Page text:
The Black Pines along the Main Walk were planted under the direction of John Stevens Henslow, founder of this Garden, to illustrate variation within species. Despite being the same species, the Black Pines which come from warm climates hold their branches erect, while those from cold areas have sloping branches to allow snow to slide off. This limits the load on their branches and ensures the leaves are free to photosynthesise.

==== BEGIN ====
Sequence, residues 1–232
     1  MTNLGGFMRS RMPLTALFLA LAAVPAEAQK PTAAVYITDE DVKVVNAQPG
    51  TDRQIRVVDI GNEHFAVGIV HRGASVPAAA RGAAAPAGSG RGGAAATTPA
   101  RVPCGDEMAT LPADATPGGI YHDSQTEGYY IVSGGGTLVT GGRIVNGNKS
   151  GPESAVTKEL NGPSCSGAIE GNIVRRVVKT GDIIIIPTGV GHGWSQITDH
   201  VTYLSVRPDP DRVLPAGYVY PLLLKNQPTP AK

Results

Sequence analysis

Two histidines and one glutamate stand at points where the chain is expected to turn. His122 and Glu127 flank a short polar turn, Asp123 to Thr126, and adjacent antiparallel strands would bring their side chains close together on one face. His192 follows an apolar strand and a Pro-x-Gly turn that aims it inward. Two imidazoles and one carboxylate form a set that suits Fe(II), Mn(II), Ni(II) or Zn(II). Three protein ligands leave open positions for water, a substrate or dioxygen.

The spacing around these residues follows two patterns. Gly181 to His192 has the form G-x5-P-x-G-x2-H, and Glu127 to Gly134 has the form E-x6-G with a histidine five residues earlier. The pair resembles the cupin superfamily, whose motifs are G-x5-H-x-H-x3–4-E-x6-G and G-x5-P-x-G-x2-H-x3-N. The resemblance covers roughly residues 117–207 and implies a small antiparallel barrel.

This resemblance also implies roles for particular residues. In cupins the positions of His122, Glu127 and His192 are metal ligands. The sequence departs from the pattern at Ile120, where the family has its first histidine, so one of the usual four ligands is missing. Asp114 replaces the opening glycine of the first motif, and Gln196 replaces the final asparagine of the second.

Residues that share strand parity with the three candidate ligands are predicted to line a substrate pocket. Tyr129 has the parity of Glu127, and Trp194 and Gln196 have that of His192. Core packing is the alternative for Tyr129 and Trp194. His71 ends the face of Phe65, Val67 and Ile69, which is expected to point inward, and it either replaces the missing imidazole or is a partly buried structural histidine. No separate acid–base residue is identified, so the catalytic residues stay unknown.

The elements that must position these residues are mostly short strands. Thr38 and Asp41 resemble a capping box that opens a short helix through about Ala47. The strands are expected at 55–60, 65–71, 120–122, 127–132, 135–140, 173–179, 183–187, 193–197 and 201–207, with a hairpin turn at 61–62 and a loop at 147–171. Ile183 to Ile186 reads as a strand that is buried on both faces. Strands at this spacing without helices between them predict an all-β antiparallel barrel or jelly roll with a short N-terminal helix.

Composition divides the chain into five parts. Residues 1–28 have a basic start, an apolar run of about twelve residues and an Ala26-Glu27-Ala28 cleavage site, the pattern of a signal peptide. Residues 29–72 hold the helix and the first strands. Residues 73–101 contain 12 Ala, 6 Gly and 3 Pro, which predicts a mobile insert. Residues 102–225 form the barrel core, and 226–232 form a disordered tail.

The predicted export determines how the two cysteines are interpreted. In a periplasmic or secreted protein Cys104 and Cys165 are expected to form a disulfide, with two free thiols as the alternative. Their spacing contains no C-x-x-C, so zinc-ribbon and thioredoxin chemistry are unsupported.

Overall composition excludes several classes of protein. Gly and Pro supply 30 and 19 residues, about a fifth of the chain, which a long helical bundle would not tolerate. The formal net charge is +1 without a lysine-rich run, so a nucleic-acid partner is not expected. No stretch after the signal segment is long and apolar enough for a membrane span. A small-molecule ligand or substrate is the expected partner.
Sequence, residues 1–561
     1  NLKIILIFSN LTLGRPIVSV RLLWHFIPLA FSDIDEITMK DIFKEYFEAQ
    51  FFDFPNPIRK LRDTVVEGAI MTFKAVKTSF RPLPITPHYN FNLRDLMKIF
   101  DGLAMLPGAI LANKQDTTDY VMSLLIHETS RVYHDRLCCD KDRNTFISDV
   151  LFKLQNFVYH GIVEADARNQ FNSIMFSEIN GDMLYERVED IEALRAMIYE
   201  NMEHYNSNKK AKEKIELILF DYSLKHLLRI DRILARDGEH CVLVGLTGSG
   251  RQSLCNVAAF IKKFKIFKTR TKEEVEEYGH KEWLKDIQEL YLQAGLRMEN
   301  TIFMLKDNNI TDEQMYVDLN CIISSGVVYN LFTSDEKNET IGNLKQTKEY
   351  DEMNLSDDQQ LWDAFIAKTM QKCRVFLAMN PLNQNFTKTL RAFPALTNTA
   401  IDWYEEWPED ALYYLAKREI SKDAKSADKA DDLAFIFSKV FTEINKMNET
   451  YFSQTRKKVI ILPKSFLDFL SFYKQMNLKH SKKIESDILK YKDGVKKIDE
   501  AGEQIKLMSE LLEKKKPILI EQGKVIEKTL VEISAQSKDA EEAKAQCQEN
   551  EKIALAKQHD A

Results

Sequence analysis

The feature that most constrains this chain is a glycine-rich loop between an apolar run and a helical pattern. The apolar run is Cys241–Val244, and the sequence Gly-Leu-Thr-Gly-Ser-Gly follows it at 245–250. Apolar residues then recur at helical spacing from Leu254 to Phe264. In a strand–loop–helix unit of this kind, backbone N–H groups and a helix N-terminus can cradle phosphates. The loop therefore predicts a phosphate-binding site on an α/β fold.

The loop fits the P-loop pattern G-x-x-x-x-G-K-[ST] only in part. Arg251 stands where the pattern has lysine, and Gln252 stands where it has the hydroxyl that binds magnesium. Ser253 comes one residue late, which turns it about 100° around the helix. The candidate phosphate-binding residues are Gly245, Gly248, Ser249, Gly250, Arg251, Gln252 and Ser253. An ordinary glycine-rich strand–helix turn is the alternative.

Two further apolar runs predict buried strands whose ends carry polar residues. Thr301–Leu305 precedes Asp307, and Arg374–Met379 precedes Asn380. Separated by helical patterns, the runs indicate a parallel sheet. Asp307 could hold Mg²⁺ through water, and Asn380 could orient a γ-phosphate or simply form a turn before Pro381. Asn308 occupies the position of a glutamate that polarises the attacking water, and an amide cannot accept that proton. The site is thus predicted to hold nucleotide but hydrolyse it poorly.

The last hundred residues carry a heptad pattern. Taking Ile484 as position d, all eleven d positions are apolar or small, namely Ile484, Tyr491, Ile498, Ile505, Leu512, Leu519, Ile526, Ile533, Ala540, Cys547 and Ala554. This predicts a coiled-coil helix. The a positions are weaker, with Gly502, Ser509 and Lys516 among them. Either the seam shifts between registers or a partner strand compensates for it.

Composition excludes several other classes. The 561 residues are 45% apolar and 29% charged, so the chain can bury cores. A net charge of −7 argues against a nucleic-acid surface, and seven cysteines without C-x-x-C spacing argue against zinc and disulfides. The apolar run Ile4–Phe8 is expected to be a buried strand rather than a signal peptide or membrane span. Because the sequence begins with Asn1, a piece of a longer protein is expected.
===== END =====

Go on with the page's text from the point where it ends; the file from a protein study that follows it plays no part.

This variation within species is a living illustration of Darwin’s phrase ‘survival of the fittest’, which he intended to mean ‘better suited to the local environment’ rather than in the athletic sense of the word ‘fit’. In an early natural population of trees with erect branches there would have existed some trees which by chance had slightly more sloping branches than others. These trees were more fit to survive heavy snow, and their offspring inherited the sloping branches. In the snowy areas, over millions of years, the variant with erect branches died out, and the variant with sloping branches survived.